At some point in the semester, I had the idea that perhaps, since I had never directed or produced a film before, it might be better to make first a play that would be very simple in terms of production value, with as few characters as possible (yet fulfilling the needs of the storyline). It helped tremendously that I had started dating a Theater major who gave me all sorts of advice as to the writing of the play. I rewrote the opening scene to fit the new idea that I had, having it be a play, and there it sat for months on end. One scene to a play, without a second scene in sight. This continued until one day in the Spring of 1999 when the inspiration for the second scene in the play hit me like a strong kick to the stomach. I suppose you could say that it was somewhat inspired by real life events, as it were.

I continued writing, getting down another part of a scene which is where I hovered until I realized that once again I had no idea where I wanted the play to go, how it was to end, etc. I found this all to be terribly troubling. As the summer began, I realized that I wanted to write the play, but it just wasn’t happening without some kind of an overall idea of what was going to happen. An outline? How something as simple as an outline could have evaded my thoughts for nearly two years, I have no idea. Nevertheless, it was then that I decided that I needed to write an outline for the play before any more work could be done.

In early August of that year, I spent five days in London on vacation. (I wrote an article in which I described that vacation to some extent for Go Inside Magazine entitled, A Veritable Vacation) Part of the vacation had me sitting in some of the beautiful parks that one can find in London. I watched as people walked by, slowly ate egg & mayonnaise sandwiches, and in two sittings wrote the outline for my play. I think I can safely say that it was the most productive vacation I have ever had. Getting to see “Celebrity” in a theater full of soft leather couches was, of course, a bonus. After London, I spent a few weeks in Israel with my cousin Gadi and his then girlfriend Kira. (I attended their wedding a few weeks ago – they are quite happy, to say the least.) While in Israel, I wrote several scenes of the play, adding bits to the rough outline I had written for myself and making a few minor changes, but generally sticking to the outline.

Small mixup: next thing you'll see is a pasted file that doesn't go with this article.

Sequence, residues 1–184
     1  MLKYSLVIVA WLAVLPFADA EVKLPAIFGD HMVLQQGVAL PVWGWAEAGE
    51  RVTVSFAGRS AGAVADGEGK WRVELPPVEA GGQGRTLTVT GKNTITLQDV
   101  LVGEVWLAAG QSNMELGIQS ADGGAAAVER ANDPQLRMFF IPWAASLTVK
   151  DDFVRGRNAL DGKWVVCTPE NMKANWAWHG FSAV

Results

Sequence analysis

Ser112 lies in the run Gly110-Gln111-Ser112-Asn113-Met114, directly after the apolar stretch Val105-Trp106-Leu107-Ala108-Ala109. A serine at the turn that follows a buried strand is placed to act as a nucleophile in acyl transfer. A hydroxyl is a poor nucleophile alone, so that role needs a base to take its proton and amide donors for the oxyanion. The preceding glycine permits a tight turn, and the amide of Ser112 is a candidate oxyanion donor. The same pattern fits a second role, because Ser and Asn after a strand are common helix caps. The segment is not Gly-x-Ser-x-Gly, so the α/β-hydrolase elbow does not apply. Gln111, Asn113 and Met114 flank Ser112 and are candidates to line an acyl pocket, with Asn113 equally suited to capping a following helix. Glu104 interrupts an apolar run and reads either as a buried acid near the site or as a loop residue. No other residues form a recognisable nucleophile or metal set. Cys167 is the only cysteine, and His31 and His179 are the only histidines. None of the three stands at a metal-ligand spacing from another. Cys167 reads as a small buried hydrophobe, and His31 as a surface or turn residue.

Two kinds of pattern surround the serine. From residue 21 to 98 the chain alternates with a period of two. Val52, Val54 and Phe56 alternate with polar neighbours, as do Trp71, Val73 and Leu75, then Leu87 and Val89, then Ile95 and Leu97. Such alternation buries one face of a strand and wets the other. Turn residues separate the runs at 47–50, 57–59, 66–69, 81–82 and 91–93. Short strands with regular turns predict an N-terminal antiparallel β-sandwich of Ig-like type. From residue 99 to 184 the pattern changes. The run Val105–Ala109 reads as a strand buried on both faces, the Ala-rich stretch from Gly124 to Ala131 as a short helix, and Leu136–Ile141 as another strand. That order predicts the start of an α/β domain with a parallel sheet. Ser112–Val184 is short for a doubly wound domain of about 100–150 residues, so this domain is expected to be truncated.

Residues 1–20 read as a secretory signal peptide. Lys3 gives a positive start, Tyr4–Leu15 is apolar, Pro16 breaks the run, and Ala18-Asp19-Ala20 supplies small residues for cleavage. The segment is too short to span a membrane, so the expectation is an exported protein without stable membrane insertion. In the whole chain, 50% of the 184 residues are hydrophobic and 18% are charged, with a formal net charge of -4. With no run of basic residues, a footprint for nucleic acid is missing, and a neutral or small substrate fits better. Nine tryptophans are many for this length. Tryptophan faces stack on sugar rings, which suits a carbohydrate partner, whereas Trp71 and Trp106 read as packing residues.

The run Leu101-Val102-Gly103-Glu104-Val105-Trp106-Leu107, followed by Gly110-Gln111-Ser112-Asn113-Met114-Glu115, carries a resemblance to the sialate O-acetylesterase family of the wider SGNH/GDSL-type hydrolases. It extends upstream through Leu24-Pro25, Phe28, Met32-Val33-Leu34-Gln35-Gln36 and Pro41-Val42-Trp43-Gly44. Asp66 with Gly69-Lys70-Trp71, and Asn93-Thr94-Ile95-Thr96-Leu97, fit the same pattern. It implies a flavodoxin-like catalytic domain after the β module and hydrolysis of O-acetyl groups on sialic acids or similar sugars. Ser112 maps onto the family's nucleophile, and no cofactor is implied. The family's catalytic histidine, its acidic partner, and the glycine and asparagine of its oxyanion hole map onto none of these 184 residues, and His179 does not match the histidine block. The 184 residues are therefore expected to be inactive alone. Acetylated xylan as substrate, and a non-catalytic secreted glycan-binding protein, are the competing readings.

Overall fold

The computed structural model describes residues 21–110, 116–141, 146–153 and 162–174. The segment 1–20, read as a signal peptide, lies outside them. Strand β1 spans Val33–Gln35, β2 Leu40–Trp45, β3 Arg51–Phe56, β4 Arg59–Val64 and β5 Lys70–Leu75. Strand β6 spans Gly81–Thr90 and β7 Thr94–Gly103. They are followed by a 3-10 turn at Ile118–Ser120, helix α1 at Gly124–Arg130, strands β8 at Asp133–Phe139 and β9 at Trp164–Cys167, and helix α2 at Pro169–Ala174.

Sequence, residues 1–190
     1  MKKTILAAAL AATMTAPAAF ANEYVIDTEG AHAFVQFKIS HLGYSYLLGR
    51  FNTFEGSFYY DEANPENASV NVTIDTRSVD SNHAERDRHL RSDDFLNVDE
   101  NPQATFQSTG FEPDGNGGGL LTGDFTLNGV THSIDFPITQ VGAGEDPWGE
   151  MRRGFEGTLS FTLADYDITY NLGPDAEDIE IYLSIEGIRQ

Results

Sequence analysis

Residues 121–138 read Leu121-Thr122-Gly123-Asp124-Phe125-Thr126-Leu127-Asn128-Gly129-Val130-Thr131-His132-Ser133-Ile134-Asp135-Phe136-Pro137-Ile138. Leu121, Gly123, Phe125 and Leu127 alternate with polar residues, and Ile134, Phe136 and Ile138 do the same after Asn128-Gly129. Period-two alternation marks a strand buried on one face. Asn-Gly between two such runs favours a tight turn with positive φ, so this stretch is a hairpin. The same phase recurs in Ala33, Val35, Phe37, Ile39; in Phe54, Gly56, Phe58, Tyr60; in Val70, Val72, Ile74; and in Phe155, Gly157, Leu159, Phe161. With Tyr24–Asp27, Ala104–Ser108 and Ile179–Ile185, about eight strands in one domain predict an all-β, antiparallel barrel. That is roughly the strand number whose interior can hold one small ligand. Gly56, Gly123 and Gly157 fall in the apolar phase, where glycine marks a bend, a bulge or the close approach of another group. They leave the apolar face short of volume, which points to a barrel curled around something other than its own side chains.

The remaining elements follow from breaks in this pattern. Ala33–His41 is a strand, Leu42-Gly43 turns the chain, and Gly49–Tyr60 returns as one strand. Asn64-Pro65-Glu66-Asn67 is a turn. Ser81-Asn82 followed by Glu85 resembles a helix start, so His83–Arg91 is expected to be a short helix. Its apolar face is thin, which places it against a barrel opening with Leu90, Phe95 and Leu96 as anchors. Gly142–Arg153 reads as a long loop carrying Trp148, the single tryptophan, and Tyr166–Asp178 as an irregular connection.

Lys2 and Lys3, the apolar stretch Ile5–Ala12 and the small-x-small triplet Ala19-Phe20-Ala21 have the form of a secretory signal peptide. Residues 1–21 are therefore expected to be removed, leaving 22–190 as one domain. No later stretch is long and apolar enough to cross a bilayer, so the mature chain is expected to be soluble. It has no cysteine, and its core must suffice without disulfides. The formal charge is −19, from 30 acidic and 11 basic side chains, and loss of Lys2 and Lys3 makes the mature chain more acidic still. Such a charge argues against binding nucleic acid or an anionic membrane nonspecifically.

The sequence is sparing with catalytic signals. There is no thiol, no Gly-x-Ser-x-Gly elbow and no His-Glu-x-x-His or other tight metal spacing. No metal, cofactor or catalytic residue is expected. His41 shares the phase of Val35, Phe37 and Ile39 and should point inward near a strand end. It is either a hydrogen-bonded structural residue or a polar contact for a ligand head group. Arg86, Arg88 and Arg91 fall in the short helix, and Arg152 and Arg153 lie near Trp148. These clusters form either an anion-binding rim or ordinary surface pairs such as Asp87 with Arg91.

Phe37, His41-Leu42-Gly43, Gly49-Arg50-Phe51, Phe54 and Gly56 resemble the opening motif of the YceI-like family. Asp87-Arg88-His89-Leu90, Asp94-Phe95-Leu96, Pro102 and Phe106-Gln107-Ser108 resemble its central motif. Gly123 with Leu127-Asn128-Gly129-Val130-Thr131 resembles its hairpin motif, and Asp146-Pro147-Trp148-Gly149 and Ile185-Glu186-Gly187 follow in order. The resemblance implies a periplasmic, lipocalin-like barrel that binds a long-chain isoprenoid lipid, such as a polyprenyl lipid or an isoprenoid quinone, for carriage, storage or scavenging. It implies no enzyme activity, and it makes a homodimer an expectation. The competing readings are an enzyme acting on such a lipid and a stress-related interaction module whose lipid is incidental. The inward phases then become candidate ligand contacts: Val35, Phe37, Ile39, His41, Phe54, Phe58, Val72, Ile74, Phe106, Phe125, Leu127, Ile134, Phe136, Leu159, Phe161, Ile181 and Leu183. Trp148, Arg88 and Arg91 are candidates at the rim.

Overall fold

Finishing The Play
It took an additional year and a half or so, but I finally finished the play. Bear in mind, I did attend school full time and I worked two jobs at the same time, and for a relatively brief period of time I was convinced that I was going to get married. I was able to finish the play in the free time that being in the yeshiva allowed me, and now I have begun the process of editing it.

I think I can safely say that the plays/films (I hope to adapt this play to the screen) I write in the future will be written considerably faster than three and a half years, but I don’t regret it having taken so long for this, my first play. Many plot details were inspired by things that happened over the course of the last three and a half years. If I had stuck to what I was going to write initially and had quickly written it, it would have been an entirely different play – it might not have even been a play at all! The fruits of those initial efforts did not go to waste, as I managed to incorporate bits and pieces of ideas from the book into references I made in the play. I suppose you’ll have to see it to understand what I mean.